in relation to your email, i again find this is the 2nd time i have had shifts taken from me with immediate effect.
as per the contract that you have sent it is says that you will give us 4 weeks notice if there is a reduction in work, i have been given 3 days notice. i understand the shifts are temporary but i have made allowances in my wages for these extra shifts. i started the shifts to help and be flexible when asked and even covering shifts coming up to help other members of staff where needed.
i appreciate that the numbers aren't as filled up as much as you needed but i have done these shifts now for 3 weeks.
as per the contract i don't feel that 3 days is sufficient notice.
Customer: replied 10 months ago.
I would like to know if, as these extra hours were offered verbally, as a temporary measure until the end of term, am I required to provide the employee with the same notice period as is stated in her contract (4 weeks) to stop these extra hours, or not? I would prefer not to, but want to ensure that I am not operating outside of employment law if that is the case.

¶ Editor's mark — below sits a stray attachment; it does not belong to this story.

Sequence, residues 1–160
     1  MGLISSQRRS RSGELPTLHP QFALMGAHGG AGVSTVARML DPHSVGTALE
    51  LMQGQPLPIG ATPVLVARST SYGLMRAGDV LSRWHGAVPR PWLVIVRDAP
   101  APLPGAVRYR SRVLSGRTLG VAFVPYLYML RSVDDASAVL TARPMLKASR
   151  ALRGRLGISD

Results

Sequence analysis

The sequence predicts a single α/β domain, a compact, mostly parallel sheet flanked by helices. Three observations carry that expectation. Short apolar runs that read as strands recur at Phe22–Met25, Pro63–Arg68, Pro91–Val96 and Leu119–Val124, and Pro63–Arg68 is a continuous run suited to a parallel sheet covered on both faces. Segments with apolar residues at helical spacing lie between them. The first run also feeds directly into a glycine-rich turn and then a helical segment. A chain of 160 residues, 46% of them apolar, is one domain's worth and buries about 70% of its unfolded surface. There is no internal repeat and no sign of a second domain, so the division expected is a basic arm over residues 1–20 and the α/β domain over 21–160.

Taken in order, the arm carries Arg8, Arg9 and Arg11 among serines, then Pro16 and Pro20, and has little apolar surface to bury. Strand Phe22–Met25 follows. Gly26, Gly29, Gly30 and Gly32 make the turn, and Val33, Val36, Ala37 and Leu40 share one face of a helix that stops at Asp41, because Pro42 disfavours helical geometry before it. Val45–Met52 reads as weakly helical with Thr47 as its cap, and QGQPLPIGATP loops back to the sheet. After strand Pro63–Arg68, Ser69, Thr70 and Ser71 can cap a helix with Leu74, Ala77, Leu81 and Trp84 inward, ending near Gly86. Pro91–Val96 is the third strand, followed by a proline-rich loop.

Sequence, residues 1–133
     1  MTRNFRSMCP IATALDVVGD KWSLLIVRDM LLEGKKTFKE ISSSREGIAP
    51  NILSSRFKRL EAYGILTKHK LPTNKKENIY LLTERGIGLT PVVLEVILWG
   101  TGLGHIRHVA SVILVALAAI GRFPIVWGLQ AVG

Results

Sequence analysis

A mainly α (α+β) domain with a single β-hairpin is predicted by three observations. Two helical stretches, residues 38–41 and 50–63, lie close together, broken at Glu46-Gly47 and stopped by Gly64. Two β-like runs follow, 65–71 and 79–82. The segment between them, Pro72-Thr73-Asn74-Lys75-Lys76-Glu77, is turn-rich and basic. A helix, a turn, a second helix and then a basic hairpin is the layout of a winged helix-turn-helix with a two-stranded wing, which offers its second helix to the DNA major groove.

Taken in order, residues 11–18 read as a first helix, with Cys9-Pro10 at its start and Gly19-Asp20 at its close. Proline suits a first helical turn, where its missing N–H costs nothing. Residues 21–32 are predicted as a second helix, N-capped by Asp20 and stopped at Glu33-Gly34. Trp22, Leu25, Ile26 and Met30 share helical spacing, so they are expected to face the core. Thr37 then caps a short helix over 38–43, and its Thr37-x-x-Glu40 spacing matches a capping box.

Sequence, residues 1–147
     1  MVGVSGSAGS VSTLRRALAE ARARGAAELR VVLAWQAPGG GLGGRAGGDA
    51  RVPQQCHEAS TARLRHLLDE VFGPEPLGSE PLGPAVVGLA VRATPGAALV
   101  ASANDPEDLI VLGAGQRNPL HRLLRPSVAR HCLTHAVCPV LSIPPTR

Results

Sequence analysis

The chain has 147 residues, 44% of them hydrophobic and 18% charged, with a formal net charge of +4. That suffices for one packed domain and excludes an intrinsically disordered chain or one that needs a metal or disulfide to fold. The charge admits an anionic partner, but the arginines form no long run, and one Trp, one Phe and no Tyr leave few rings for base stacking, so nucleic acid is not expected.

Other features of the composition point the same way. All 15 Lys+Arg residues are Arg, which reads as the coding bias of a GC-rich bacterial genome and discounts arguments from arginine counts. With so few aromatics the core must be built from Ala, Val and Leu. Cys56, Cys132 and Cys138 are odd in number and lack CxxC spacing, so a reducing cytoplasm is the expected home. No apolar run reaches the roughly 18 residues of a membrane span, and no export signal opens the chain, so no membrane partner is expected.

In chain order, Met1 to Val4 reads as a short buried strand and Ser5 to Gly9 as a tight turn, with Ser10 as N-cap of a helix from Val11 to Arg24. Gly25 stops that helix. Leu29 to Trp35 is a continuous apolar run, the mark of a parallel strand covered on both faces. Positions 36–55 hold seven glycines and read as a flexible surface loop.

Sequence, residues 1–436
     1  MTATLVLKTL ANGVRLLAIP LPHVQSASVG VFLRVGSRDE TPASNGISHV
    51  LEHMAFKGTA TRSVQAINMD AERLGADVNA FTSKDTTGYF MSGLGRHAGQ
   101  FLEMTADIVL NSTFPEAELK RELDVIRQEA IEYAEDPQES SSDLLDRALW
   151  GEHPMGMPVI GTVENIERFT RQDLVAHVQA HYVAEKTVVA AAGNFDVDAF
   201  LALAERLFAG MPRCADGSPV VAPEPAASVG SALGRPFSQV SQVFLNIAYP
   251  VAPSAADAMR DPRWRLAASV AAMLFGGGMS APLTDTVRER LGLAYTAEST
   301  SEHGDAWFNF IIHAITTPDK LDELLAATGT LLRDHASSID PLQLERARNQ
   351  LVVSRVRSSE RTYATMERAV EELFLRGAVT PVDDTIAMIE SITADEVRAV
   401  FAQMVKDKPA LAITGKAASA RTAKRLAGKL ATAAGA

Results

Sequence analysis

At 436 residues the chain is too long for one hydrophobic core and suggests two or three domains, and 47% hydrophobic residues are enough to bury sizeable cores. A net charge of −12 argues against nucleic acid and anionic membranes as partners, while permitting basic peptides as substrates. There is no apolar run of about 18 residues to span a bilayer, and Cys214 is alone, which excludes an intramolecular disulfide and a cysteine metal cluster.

Customer: replied 10 months ago.
This is the response I was proposing to send, but I thought I should seek advice first before sending:Hi KyleeThese shifts have always been temporary and are not part of your contractual arrangement with us, and are therefore not subject to your terms of employment with us.I appreciate that this is short notice but we are not in a position to continue to pay staff beyond the terms of their contracts when they are not required to work.We are grateful to you for stepping up and offering to help. Should any need for additional shifts come up I will of course ensure that you are made aware of this.RegardsDanny